Sampson Theater — Among this week’s features: “HERBERT’S COLORED MINSTRELS” A troupe of genuine colored comedians, every one an artist. For a bully good minstrel, with something doing every minute, you can’t beat “Herbert’s.” An attraction we recommend. “THE BROADWAY BUCKAROO” A picture with one thrill following the other until you will feel like getting up in your seat and yelling. If you haven’t seen Bill Fairbanks in action, you have missed something. For a genuine dare-devil, care-free, “Son of the West” and performer of impossible stunts, Bill has it on them all.

75 Years Ago

October 31, 1946

Shows Rotarians Film Captured From Axis — “We are about 20 years behind Germany in the design of engines,” Malcolm Campbell, Canandaigua jeweler, told Penn Yan Rotarians at their weekly luncheon meeting as he showed them a movie of the firing of the German V-2 rockets which worked such havoc in England when over 8,000 showered down upon that country in a three-month period. Mr. Campbell was introduced by his father-in-law, Mayor Roy E. Wheeler. Major Campbell served for three years in the photo intelligence service, being assigned in January of 1943 to the British division where he helped ascertain the effectiveness of the 8th Air Force and RAF bombing missions over Europe. With characteristic cunning, rockets were fired at London from the Peace Gardens at the Hague, where Allies could not bomb. Some 10,000 rockets were captured at the end of the war and about 100 of them brought to this country for study. Local technicians were unable to fire them, however, and had to bring trained crews from Germany to show them how.

England Phones Dresden Woman on Birthday — “Nothing could have made me happier on my 43rd birthday!” says Mrs. John Clayton of Dresden, describing the thrill of talking with her brother, George Knapton of Norwich, England, and her sister, May Knapton, who lives at Bath, England. “Telephone employees had been working hard Monday on a local cable, knowing that the call was to come through,” she explained, “and they did a good job, for I could hear both of them perfectly.” Mrs. Clayton came to this country in 1923 and had been back home but once in 1927, so the trans-Atlantic phone call was the nearest thing to a reunion in nearly 20 years. Her husband arid daughter, Jane, also had a chance to converse with England during the brief three minutes.

50 Years Ago

November 4, 1971

The Matchmaker — The Penn Yan Academy Senior Class will present the Thornton Wilder farce-comedy The Matchmaker in the PYA auditorium on Nov. 12 and 13. The leads are played by William Yontz and Lois VanKeuren with supporting roles by Debbie Harris and Harry Baxter. The Director is Mrs. Charles Kramer.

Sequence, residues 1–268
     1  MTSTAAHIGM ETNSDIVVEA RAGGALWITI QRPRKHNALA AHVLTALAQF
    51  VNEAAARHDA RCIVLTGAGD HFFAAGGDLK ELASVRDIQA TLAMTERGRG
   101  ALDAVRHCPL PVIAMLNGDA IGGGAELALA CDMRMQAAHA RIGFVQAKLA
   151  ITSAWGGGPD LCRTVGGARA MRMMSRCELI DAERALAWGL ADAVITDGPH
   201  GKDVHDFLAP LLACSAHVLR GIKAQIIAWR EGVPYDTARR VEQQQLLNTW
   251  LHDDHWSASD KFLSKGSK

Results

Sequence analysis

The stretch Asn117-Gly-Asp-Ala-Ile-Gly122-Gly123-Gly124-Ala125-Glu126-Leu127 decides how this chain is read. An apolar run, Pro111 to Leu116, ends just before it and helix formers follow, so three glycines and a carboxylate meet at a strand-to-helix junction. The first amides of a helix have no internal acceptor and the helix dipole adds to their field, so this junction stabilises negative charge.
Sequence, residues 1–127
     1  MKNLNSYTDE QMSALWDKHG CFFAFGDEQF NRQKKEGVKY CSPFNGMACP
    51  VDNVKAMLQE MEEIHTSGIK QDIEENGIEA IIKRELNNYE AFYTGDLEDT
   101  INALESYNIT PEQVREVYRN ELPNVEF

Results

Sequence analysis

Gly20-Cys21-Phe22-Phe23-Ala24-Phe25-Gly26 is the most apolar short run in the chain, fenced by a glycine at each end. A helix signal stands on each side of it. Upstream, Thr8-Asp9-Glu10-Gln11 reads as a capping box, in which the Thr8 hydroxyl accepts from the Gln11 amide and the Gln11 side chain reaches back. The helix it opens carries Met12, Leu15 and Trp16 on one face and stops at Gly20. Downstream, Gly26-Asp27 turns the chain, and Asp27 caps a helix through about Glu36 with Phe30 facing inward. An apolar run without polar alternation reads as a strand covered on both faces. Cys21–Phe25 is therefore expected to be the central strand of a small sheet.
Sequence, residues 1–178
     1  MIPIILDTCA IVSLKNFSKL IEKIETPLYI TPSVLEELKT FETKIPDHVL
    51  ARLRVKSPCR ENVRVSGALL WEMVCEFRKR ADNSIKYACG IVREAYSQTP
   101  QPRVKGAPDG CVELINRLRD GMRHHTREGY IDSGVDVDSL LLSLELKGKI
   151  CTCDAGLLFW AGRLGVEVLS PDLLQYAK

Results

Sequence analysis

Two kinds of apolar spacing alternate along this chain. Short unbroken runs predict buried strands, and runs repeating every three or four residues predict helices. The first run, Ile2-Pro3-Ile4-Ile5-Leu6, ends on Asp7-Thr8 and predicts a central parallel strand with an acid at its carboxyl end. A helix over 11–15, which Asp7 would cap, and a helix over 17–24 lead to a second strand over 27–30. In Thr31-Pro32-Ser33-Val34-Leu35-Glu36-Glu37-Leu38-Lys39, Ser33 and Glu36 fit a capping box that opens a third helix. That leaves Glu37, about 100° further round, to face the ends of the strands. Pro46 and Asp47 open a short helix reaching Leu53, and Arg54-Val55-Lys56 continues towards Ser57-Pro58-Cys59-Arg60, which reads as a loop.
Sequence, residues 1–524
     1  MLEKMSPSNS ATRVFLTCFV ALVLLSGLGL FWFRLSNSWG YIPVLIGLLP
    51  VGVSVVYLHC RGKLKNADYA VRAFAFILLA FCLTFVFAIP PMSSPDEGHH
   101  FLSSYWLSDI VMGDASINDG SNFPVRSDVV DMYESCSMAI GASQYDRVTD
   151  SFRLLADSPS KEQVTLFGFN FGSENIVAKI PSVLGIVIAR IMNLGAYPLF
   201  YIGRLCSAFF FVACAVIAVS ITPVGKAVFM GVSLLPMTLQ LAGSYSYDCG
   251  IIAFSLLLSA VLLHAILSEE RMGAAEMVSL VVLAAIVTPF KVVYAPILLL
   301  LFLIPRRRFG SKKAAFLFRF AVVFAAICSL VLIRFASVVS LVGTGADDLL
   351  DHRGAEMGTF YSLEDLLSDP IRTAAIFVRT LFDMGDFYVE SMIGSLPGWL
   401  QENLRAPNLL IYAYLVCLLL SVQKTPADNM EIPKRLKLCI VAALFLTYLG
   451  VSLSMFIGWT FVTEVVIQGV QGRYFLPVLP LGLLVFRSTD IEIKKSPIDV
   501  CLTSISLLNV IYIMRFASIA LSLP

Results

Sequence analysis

Jesus Christ Superstar — Musical patrons will have the opportunity to hear excerpts from the famous rock opera “Jesus Christ Superstar”, on Nov. 5 at 8 p.m. at the Penn Yan Academy. It will be performed by a group from Buffalo calling themselves “The Upper Room”. This musical group was induced to come to Penn Yan to render their version of the famous rock opera by John Bloomquist, son of Mr. & Mrs. Earl Bloomquist of Keuka Park. He had heard them while in Buffalo. This event is being sponsored by the Penn Yan Area Council of Churches Basketball League to help defray costs for the coming basketball season. The Basketball League is run by the Youth Council which is a part of the Council of Churches.

PYA Scares Geneva Before Losing 20-15 — With 6 minutes left in the third period, the Mustangs of PYA were on the threshold of the upset of the year as they led the Geneva Panthers 15-14 in a game thrill packed with excitement. On fourth down from the midfield stripe Jack Nielsen got off a booming kick that seemed headed into the “Coffin Corner.” Less than 10 seconds later the Orange and Blue victory bubble had burst as Panther Halfback Charlie Pinkard gathered in the pigskin on the G9 and made like twinkletoes on a 91 yard scoring jaunt straight down the sideline. The PAT for 2 points failed but the 20- 15 lead held up for the rest of the game and focused all eyes on the upcoming game of the year this Saturday evening when the undefeated Clyde Golden Eagles will take on the unblemished Big Red of Geneva.

From the Editor’s Desk of Don Good — Our hats off to the young people of the community who kept their Halloween tomfoolery to a minimum! This is a real good sign! The local police and their helpers (CD police) reported very little trouble over the weekend.

Although we weren’t in town for most of the weekend, we are told the Freshman Class at PYA had a fine float and deserved the prize at Homecoming. We didn’t see any of the floats, but once again all high school classes apparently went all-out to present something for those who judged to really struggle over.

What do you think of this weather? An example of this miracle is the photo on Pg 1 which shows forsythia in bloom! Cheer up... snow isn’t too far away! Now we have gone and done it, huh?